The Circuit Court's Decision
On appeal, the Third Circuit first observed that the Siemens pension plans clearly did not provide for the shutdown benefits. So the only question was whether either of the two theories – relating to the transition period – required those plans to provide the benefits.
Siemens' Agreement to Reimburse Westinghouse for Actuarial Costs Did Not Create an ERISA Plan
Siemens argued that the 13-day transition period could not give rise to a separate, new Siemens pension plan because an ERISA plan must be permanent, not temporary. Moreover, even if it did give rise to a new plan, Westinghouse, not Siemens, was the sponsor and administrator. The court of appeals agreed that the beneficiaries, source of financing, terms and procedures for benefits could be ascertained for the transition period, but found that Siemens had not become a sponsor and did not maintain that plan. According to the Third Circuit, Siemens undertaking to reimburse Westinghouse, but not the Westinghouse pension plan, for certain actuarial costs resulting from a not-for-cause termination, "demonstrates quite clearly that Siemens was not responsible for the pension obligations that came due during this time period under the Westinghouse Plan." The limited obligation to reimburse the actual plan sponsor, which never arose because there were no not-for-cause terminations during the transition period, "cannot possibly be equated with the obligations attendant to establishing or maintaining a plan."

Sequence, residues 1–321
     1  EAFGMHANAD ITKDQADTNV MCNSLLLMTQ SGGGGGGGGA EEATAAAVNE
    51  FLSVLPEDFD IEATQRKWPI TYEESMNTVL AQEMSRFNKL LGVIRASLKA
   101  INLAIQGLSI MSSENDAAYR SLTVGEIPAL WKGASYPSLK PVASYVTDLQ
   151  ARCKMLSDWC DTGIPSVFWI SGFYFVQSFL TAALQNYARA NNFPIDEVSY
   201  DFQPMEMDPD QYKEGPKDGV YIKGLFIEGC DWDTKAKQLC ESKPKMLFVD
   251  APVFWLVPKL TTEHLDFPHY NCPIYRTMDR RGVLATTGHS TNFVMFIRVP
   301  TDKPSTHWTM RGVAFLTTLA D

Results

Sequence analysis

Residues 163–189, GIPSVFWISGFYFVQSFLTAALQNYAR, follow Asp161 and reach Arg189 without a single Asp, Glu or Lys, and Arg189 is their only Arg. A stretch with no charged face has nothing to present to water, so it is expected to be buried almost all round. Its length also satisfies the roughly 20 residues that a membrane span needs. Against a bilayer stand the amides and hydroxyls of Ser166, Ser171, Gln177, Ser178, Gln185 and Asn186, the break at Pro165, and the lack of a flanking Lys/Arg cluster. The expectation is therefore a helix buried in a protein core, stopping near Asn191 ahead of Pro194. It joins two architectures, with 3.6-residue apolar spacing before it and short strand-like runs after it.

The circuit court quoted extensively from the Supreme Court's opinion in Fort Halifax Packing Company v. Coyne, 482 U.S. 1 (1987), to point out the difference between providing a simple benefit (without a plan) and establishing a plan subject to ERISA, which requires an "administrative scheme." Specifically, the circuit court drew the parallel between the Fort Halifax one-time severance payment and Siemens' commitment to reimburse Westinghouse for a contingent plan-related cost. The circuit court also observed that it was Westinghouse that, during the transition period, administered its plan, funded its plan, and "engaged in the extensive financial monitoring and record-keeping that the plan required."2